16th Annual Thoreau Wabanaki Festival
WEDNESDAY, JULY 20 to MONDAY, JULY 25
Wednesday July 20
Heaven Beneath Our Feet: Mindful Exploration of the Maine Woods
with Naturalist Wendy Weiger, 6:30 pm
Dr. Wendy Weiger, a naturalist writer and former medical researcher, left
academe for the wilds of northern Maine. In winter she lives solo off the grid in the woods and has logged many years writing about the mountains, woods and waters of the Moosehead Lake region. Her presentation is a guide through all the seasons of the Maine Woods, with a focus on details that are easy to miss to the untrained eye. With a spiritual bend to her outdoor practices, she shares her own experiences of living connected to the natural world.
Thursday July 21
* Nature Walk with Wildlands Expert Alexandra Conover Bennett, 9:00 am
* Meet at the Moosehead Cultural Heritage Center, 6 Lakeview St., Greenville
before driving a short distance to a nearby mountain path
Ungava Trek with Alexandra Conover Bennett, 1:00 pm
Alexandra Conover Bennett knows the wildlands intimately, having lived in the woods and on the water most of her life. She is an expert canoe and snowshoe guide, and identifier of birds, plants, and animals.
Her specialty is in how to live, travel, and survive in the northern boreal woods. She made a 350-mile snowshoe trip across the Ungava Peninsula, Québec, refining her skills by living with indigenous friends and learning their traditional ways. Ungava Trek details this extraordinary journey in a northern winter. The morning nature walk with her promises to be an unparalleled stroll into the Maine woods, where participants will see, hear, and remember the woods in an entirely new way.
Penobscot Sense of Place with Tribal Historian James E. Francis, Sr., 6:30 pm
James Eric Francis, Sr. is the Tribal Historian and Director of the Penobscot Nation Department of Cultural and Historic Preservation. In Sense of Place, come find out first-hand about the legend of Mt. Kineo, and how moose are part of a Penobscot creation story. Mr. Francis traces the origin of Native geographic place names in Maine, including throughout the Moosehead Lake Region, their meaning in Penobscot lore and legend, and their ancient homeland ties to these woods and waterways. A dynamic speaker, at once funny and informative, he also brings to light Thoreau’s life-long relationship to Indian culture, now universally quoted in today’s general public.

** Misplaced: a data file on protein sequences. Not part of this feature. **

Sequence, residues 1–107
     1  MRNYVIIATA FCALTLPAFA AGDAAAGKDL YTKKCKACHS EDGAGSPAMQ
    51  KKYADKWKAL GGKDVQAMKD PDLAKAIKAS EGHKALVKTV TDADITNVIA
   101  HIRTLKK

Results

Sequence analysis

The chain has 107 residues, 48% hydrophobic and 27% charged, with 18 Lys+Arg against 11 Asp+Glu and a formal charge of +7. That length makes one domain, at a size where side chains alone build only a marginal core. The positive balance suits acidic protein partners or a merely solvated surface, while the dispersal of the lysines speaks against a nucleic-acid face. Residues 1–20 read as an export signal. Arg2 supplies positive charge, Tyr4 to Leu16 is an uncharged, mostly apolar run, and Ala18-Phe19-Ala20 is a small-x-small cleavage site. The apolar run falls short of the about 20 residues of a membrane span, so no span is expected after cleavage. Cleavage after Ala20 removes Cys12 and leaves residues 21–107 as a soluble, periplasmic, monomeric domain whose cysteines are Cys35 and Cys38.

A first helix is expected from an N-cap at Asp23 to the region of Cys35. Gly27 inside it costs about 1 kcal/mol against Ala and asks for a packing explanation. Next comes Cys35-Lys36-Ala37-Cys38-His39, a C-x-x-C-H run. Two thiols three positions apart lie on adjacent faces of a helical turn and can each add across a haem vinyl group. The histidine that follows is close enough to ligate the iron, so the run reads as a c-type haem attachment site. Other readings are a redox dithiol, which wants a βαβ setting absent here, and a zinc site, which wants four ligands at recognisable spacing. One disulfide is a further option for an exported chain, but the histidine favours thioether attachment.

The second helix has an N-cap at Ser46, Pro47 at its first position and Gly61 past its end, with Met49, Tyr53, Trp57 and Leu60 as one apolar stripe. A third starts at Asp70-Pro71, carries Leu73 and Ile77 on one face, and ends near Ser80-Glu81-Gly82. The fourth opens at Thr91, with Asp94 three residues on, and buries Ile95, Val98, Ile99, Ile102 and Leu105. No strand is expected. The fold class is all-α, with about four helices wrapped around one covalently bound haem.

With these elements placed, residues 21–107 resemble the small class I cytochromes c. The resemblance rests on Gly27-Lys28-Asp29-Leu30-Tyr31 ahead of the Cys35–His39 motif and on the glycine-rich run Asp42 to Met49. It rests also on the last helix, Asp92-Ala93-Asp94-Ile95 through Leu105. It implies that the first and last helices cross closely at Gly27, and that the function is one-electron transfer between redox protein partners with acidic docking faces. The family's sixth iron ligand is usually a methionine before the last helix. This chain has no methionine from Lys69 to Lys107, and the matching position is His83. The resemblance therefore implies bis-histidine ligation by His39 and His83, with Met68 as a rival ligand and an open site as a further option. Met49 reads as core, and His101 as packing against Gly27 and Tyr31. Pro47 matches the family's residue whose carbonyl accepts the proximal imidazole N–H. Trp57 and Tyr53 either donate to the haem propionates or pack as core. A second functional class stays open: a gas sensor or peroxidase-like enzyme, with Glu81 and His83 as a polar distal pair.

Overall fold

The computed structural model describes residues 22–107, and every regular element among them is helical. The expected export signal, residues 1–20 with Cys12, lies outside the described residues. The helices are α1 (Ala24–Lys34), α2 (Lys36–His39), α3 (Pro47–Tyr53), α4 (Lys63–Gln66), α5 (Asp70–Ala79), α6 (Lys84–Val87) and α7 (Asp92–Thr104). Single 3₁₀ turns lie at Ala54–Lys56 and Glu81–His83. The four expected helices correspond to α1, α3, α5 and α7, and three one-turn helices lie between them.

Friday July 22
Tracing Thoreau’s Trip into the Maine Woods
with Maine Woods Forever Board Member Paul Johnson, 1:00 pm
Paul Johnson is on the Board of Directors of Maine Woods Forever, a nonprofit organization dedicated to celebrating and protecting the legacy of Maine’s forests and woodlands. He is a retired fishery biologist for the Maine Department of Inland Fisheries and Wildlife in the Moosehead Lake Region, where he became familiar with the woods and waters visited by Thoreau. Tracing Thoreau shows places that Thoreau visited and the things he observed, many of which can be seen today just as Thoreau saw them more than 165 years ago. He details Thoreau’s three trips into the Maine Woods, two of which were launched from Moosehead Lake with Penobscot guides, whose ways of life influenced Thoreau’s own ideas about nature and conservation.
All About Bees ~ Our Native Pollinators with Bee Botanist Matthew Scott, 4:00 pm
Matthew Scott is a retired Aquatic Biologist for the State of Maine and co-founder of the Maine State Beekeepers Association. His interest in honey bees began as a student, with an introductory course in entomology. After advanced aquatic entomology courses, he decided to become a beekeeper. After 57 years, he’s still doing it, with a particular interest in Bee Botany and Climate Change. All About Bees introduces the life of different bee species and the importance of their distinctive roles as pollinators in our natural world. He maintains five colonies of honey bees and manages a woodlot on his 100-farm in central Maine.
Saturday – Monday, July 23-25
Last Leg of Thoreau’s Trip with Penobscot Guides
Last Leg follows the last section of Thoreau’s 1857 canoe trip on the Penobscot River, made famous in his book The Maine Woods. Like Thoreau, paddlers will learn under the wing of Penobscot guides about Wabanaki heritage and Penobscot connection to the landscape.
Saturday and Sunday are spent immersed in cultural activities on the Penobscot’s Sugar Island. Days may include making your own basket, paddling a birch bark canoe, nature & plant exploratory walks, flint knapping, or wood carving; evenings in a talking circle around the campfire, with drumming & singing demonstrations. Meals offer some traditional Penobscot fare. Monday after breakfast, paddlers move downstream from Sugar Island to Indian Island, load out, have lunch together & visit the Penobscot Nation Museum before saying goodbyes.
Registration is limited, advanced sign-up required. Cost is $325/person; includes all but personal gear. To register,
contact the Moosehead Historical Society
If we listen to the songs of the water
and the whispers on the wind,
we will feel the heartbeat of Mother
Earth, and all creation will continue to breathe
— Wabanaki saying
Festival is made in partnership by the Moosehead Historical Society,
the Penobscot Nation Cultural & Historic Preservation Dept., Maine Woods Forever, MHS Member Donor